ETF Alternatives for Last Week’s Hot Stocks

by Will Ashworth | November 26, 2012 12:31 pm

The combination of a shortened trading week and a possible resolution to the fiscal cliff seems to have been the tonic the S&P 500 was looking for. It closed up 3.6% last week, its best performance since June. Although InvestorPlace contributors enjoyed their share of turkey last week, they were able to come up with some stock recommendations in between holiday festivities. Here are my ETF alternatives.

Dollar stores[1] seem to be popping up everywhere. Just down the street from my apartment, Dollarama (PINK:DLMAF[2]), Canada’s largest dollar-store chain, is opening a new store. I live in a nice area of Toronto, and five years ago you wouldn’t have ever imagined something like this opening on the block. That’s why Ethan Roberts[3]‘ comments Nov. 19 about Dollar Tree’s (NASDAQ:DLTR[4]) superior business model[5] ring true. With its stock taking a hit after announcing lowered guidance Oct. 11, its price-earnings ratio is now lower than that of both Family Dollar Stores (NYSE:FDO[6]) and Dollar General (NYSE:DG[7]).

The best alternative in this case is the PowerShares Dynamic Consumer Discretionary Sector Portfolio (NYSE:PEZ[8]), which has Dollar Tree at a weighting of 2.16%. The largest of the fund’s 60 holdings is Home Depot (NYSE:HD[9]) at 2.83%. At an expense ratio of 0.65%, PEZ is definitely not cheap. However, its performance over the last five years has been better than the S&P 500. More important, 43% of its holdings are small-cap stocks. It’s a good ETF to own if consumer confidence keeps increasing.

InvestorPlace‘s IPO Playbook[10] editor Tom Taulli[11] discussed Yahoo‘s (NASDAQ:YHOO[12]) resurgent stock price[13] on Nov. 20, suggesting that although CEO Marissa Mayer’s first few months at the helm have been successful, the company has a number of land mines to navigate in the coming months.

Taulli’s best point: Reminding investors about Hewlett-Packard (NYSE:HPQ[14]), which CEO Meg Whitman can attest is not an easy tech turnaround. The successful revival of Yahoo is going to take years.

A better bet is to buy the PowerShares Nasdaq Internet Portfolio (NASDAQ:PNQI[15]), which seeks to replicate the performance of the Nasdaq Internet Index, a group of 69 holdings — including Yahoo at a weighting of 5.14%. While more volatile than the S&P 500, its performance is significantly higher. Interestingly, PNQI’s performance over the past three years through Nov. 23 is virtually identical to that of the PowerShares consumer discretionary ETF discussed above.

Killing two birds with one stone, InvestorPlace contributor Brad Moon[16] on Nov. 21 discussed how Google (NASDAQ:GOOG[17]) was talking with Dish Network (NASDAQ:DISH[18]) about creating a wireless service[19]. Moon believes Google wants to do this to control the mobile experience for its Android-using customers in a manner similar to the way Apple (NADDAQ:AAPL[20]) controls its user experience.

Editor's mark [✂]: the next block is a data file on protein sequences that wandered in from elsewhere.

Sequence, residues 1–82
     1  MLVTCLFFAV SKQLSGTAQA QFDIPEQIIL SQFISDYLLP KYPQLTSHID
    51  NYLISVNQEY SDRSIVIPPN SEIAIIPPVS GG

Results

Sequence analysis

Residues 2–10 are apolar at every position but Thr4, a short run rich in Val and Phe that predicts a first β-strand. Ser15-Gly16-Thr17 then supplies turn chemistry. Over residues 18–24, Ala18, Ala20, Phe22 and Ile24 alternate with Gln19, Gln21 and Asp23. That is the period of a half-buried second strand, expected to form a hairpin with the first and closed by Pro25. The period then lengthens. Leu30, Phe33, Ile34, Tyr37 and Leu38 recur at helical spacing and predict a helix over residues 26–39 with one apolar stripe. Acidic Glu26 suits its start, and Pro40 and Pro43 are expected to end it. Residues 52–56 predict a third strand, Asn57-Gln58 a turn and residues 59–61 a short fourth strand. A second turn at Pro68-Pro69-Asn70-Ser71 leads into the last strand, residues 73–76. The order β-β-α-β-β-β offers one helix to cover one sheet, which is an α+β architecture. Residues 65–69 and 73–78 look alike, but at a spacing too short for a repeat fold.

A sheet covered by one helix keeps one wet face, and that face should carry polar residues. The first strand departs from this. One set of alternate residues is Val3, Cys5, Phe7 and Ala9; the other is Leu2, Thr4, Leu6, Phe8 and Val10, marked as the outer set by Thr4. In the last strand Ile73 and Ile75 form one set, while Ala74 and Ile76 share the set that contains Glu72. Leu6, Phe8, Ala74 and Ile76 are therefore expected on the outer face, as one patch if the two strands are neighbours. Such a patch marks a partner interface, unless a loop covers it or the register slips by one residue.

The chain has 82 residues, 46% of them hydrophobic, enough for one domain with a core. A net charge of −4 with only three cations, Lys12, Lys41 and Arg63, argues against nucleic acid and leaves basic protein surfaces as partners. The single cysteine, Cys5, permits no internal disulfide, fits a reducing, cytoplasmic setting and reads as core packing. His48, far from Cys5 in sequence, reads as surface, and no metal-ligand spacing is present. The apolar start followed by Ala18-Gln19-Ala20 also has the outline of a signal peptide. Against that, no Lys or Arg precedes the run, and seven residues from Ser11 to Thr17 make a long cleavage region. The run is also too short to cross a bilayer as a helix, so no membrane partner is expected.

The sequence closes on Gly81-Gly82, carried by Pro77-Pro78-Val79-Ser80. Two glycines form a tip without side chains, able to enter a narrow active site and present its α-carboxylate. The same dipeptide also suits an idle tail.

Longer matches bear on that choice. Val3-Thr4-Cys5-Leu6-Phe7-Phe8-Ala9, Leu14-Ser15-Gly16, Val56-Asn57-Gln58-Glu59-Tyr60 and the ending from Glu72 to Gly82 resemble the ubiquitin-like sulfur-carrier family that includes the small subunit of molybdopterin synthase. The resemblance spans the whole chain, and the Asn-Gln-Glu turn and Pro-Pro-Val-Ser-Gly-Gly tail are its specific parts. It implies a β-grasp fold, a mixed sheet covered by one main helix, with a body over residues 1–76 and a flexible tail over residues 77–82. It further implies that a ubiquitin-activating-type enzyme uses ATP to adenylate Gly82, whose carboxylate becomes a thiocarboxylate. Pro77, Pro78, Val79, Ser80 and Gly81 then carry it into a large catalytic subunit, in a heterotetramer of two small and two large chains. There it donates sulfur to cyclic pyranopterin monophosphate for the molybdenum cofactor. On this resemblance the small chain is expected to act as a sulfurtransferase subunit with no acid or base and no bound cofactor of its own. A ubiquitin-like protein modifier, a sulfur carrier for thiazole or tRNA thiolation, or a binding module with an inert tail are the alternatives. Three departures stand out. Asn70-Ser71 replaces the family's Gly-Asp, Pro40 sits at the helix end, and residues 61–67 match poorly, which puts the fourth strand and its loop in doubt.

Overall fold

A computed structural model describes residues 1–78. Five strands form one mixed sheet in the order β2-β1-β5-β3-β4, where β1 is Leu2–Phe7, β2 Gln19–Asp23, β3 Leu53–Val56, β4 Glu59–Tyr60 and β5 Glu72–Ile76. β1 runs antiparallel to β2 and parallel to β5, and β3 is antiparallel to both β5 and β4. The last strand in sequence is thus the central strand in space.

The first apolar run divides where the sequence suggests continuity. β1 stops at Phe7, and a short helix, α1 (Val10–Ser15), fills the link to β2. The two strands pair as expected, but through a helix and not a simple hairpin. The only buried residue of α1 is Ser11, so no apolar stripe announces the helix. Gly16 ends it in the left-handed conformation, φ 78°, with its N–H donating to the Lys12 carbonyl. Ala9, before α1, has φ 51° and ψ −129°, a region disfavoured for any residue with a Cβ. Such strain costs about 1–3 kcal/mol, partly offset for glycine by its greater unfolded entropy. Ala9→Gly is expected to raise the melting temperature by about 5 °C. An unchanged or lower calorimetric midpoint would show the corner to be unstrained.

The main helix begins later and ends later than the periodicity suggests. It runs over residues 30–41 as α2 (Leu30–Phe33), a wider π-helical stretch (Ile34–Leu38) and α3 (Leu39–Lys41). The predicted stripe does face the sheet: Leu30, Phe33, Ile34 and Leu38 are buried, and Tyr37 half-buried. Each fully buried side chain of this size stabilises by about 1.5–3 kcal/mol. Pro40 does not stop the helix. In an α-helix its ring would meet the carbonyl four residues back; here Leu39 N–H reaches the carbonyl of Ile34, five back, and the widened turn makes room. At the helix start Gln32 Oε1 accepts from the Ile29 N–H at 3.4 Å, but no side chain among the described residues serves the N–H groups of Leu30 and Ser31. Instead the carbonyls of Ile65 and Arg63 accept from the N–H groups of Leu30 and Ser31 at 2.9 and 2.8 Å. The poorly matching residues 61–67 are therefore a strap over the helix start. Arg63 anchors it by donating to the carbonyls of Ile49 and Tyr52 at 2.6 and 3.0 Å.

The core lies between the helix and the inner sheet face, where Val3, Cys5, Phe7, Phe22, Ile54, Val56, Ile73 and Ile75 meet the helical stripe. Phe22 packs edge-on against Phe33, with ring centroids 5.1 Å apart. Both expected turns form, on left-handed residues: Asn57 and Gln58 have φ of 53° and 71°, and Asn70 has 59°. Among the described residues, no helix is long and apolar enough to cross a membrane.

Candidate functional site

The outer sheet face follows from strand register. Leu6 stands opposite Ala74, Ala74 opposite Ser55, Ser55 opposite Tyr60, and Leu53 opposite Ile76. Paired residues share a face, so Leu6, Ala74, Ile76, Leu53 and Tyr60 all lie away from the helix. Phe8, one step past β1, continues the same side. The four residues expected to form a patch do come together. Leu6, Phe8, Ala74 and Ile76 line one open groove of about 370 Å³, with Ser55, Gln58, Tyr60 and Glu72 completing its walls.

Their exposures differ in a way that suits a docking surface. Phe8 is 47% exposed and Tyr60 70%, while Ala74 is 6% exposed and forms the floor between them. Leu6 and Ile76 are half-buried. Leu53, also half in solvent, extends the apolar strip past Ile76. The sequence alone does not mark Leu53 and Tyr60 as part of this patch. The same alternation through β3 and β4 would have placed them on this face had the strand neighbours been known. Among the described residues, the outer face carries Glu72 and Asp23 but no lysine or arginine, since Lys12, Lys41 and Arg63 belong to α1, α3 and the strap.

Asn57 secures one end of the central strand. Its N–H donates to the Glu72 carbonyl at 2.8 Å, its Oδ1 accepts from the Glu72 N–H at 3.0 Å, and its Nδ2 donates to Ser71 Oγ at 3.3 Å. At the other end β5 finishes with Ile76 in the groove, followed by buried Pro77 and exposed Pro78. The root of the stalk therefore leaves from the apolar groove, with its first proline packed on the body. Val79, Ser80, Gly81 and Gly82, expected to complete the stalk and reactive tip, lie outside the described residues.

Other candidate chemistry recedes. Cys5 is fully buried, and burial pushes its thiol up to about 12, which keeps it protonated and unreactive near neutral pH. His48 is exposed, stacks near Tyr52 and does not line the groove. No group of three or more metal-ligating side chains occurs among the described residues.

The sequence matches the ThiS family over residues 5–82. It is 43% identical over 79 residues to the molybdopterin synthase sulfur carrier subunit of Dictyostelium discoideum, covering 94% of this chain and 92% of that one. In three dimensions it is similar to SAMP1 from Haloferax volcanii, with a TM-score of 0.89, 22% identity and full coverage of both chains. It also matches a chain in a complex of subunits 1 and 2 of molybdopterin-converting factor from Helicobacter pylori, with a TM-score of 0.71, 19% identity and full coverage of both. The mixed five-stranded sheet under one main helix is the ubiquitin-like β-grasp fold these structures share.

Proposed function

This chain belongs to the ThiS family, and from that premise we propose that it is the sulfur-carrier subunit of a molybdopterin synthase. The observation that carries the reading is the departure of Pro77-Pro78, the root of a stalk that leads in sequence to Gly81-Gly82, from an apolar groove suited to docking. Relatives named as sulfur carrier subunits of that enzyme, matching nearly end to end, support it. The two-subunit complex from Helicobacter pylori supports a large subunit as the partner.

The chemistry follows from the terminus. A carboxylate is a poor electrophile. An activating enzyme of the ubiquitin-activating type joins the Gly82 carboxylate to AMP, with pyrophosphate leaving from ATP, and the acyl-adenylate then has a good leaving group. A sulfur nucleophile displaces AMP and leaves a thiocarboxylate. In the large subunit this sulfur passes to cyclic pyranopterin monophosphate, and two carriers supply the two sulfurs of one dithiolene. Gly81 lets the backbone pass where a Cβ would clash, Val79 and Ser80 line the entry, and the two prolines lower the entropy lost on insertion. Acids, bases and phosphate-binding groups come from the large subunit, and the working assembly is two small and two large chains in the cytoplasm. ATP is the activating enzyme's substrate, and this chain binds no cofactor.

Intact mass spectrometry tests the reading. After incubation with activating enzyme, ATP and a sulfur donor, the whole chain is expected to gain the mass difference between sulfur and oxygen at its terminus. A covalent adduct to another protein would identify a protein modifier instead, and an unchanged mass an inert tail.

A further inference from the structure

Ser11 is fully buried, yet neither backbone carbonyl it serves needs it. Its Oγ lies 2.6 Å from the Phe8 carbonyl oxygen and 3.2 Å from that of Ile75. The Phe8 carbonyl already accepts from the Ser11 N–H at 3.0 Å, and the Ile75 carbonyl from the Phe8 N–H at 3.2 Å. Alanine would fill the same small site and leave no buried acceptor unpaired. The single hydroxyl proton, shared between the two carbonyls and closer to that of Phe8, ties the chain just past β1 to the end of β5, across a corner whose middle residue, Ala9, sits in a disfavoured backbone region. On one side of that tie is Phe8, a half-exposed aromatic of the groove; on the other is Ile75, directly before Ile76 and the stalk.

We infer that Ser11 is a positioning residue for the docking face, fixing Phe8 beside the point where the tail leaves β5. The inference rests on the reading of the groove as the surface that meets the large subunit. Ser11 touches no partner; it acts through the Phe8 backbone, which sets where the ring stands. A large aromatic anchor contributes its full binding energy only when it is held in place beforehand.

I much prefer the Google of today then the company it was four years ago. Owning Google’s stock seems like a very smart idea given its $45 billion in cash. The PNQI is also the fund to own in this instance. Google is the third-largest holding at 7.91%, 277 basis points higher than Yahoo, the sixth-largest position. Its expense ratio of 0.60% is a little higher than the average 0.53% for all technology equity ETFs.

Bryan Perry[21], editor of Cash Machine, recommended on Nov. 21 that InvestorPlace readers ride the positive housing data[22] that came out last week by investing in a mortgage real estate investment trust (mREIT) like Armour Residential REIT (NYSE:ARR[23]), which invests in both fixed-rate and floating-rate mortgages. Perry reasons that the REIT’s portfolio income will rise once interest rates rise. Paying a monthly dividend of 9 cents, ARR’s yield is a whopping 16%. However, its payout was 33% higher in 2011.

To reduce your company risk owning Armour directly, it’s a better call to buy the IQ US Real Estate Small Cap ETF (NYSE:ROOF[24]), a group of 41 holdings that gives investors additional exposure to real estate beyond large-caps. Mortgage REITs account for 27.7% of the fund’s portfolio. ROOF’s yield is 6.6% — not quite in Armour’s league but more than satisfactory with far less risk.

Lastly, Lawrence Meyers[25] explained on Nov. 24 why investors shouldn’t get their shorts in a knot over McDonald’s (NYSE:MCD[26]) recent same-store sales decline[27]. His most important point is that the Golden Arches is focusing on profit margins these days over volume. Sometimes sales are going to decline.

In a similar fashion to apparel stores, Meyers notes that it often makes sense to sell less of something with a 40% gross margin than more of something with a gross margin half that rate. CEO Don Thompson isn’t positioning McDonald’s for the next 12 months but rather the next 12 years.

Meyers is right: There’s nothing to worry about at McDonald’s. However, if you want to hedge your bets, pick up the Consumer Discretionary Select Sector SPDR Fund (NYSE:XLY[28]). It has McDonald’s at a weighting of 6.1%. It’s very inexpensive with an expense ratio of 0.18%. And it tends to outperform the S&P 500 over the short and long term.

As of this writing, Will Ashworth didn’t own any securities mentioned here. 

  1. Dollar stores:
  2. DLMAF:
  3. Ethan Roberts:
  4. DLTR:
  5. superior business model:
  6. FDO:
  7. DG:
  8. PEZ:
  9. HD:
  10. IPO Playbook:
  11. Tom Taulli:
  12. YHOO:
  13. resurgent stock price:
  14. HPQ:
  15. PNQI:
  16. Brad Moon:
  17. GOOG:
  18. DISH:
  19. wireless service:
  20. AAPL:
  21. Bryan Perry:
  22. positive housing data:
  23. ARR:
  24. ROOF:
  25. Lawrence Meyers:
  26. MCD:
  27. same-store sales decline:
  28. XLY:

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